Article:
Students imagined various approaches to redesigning the facade. Yet the situation was also technically constrained: the enormity of the surface area and the building’s height meant that students couldn’t simply block light with heavy materials such as brick. The group researched the building, site, local environmental conditions, and corporate history, and each student developed a design proposal based on an aspect of the architectural situation that they found particularly compelling.
Several students attended closely to the aesthetics of Gordon Bunshaft’s original facade design for the Lever Building, which included an all-over grid and a color scheme to match the palette of the company’s signature soap packaging. Others proposed an outer layer of shading in the form of wraparound balconies, especially on the building’s sunny south side. Balconies had the additional benefit of incorporating the breaks that had become a recommended part of work culture since the building’s original design. Some students used in-depth studies of wind patterns to create subtle interventions in air circulation and to harvest wind energy; others looked to the building courtyard’s original landscape design by Isamu Noguchi to inspire ideas that would involve plant life. Inevitably, many designs featured light-blocking panels such as louvers, sails, retractable awnings, and moveable wall elements. These all had the challenge of making sure daylight could penetrate the building envelope while still creating reliable heat reduction and energy savings.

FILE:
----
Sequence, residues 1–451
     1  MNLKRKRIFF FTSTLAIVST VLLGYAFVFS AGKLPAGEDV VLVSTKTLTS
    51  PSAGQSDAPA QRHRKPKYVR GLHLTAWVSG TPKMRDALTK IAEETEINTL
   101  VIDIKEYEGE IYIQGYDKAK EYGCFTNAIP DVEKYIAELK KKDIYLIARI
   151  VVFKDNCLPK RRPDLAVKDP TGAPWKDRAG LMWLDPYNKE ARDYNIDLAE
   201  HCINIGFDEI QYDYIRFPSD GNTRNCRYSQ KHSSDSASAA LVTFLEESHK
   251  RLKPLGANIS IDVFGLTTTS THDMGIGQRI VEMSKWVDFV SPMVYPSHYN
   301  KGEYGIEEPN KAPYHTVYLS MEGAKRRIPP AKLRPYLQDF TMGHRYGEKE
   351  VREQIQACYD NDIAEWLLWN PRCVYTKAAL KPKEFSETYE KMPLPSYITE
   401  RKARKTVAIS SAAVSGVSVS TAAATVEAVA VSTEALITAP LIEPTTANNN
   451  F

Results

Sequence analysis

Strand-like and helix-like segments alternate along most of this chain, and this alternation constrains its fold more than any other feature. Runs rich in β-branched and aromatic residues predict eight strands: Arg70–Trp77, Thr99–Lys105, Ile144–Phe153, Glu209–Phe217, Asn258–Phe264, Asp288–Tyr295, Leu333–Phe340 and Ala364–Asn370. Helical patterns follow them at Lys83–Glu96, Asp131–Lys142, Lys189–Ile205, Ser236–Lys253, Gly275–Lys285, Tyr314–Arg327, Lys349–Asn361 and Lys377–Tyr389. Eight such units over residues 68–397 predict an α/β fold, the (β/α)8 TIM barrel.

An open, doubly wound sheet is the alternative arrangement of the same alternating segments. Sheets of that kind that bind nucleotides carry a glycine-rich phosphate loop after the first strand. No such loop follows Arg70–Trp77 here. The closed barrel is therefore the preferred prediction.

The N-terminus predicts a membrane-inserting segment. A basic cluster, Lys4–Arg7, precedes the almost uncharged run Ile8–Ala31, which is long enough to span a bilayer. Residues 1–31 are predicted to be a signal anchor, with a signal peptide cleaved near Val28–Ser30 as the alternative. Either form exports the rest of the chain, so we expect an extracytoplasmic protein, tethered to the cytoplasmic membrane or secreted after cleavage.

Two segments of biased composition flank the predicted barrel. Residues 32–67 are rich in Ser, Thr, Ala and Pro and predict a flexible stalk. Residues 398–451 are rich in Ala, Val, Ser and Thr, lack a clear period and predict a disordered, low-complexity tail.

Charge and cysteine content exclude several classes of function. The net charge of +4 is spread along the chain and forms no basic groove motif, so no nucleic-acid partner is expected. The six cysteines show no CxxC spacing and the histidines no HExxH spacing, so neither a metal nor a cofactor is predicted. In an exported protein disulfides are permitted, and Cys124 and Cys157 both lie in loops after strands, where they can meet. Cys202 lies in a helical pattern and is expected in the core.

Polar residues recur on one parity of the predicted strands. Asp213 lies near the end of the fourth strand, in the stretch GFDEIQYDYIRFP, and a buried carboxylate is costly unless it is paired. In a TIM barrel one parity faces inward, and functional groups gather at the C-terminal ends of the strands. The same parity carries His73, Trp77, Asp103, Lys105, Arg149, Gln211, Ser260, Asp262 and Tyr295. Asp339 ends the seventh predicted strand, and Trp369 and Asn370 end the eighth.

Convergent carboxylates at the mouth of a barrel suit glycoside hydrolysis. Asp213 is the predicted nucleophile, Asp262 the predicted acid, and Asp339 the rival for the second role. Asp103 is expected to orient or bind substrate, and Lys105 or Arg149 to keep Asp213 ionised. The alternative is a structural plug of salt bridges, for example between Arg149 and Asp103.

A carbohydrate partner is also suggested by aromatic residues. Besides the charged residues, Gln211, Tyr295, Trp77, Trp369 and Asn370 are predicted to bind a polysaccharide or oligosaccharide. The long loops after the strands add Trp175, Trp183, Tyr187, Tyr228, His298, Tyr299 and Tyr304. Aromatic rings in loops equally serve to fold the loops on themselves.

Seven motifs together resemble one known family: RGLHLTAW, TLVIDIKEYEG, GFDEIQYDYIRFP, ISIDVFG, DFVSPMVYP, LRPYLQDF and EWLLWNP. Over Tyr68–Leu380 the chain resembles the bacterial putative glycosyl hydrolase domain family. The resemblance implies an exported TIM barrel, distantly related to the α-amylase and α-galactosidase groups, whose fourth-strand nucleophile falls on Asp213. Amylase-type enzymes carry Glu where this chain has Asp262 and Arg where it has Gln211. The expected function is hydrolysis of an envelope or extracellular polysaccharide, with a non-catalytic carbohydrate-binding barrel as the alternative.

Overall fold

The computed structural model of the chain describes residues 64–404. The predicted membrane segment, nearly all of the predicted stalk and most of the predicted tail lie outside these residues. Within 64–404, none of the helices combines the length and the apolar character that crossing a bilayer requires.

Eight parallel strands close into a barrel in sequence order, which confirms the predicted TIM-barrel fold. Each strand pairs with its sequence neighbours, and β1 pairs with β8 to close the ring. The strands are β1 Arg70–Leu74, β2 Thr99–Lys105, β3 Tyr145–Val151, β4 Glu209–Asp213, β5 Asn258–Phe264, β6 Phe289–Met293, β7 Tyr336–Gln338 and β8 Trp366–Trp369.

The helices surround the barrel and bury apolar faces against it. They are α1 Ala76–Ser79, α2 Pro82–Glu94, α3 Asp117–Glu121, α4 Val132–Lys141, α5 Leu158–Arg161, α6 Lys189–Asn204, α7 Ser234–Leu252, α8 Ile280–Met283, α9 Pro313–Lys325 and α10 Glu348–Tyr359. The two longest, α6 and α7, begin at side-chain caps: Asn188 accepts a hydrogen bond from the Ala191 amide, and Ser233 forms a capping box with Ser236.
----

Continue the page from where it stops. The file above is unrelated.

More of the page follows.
Student projects succeeded in suggesting new possibilities and visual languages for environmentally integrative facade design. Given the environmental damage that the all-glass curtain wall can cause, Kuo’s course demonstrated that there is no reason for remaining entrenched in this design cliché. And as we face an uncertain economic future—“Extreme capitalism is over,” notes Kuo—this course showed how the reconceptualization of the curtain wall could advance new images of corporate health as well as new paradigms for sustainable design.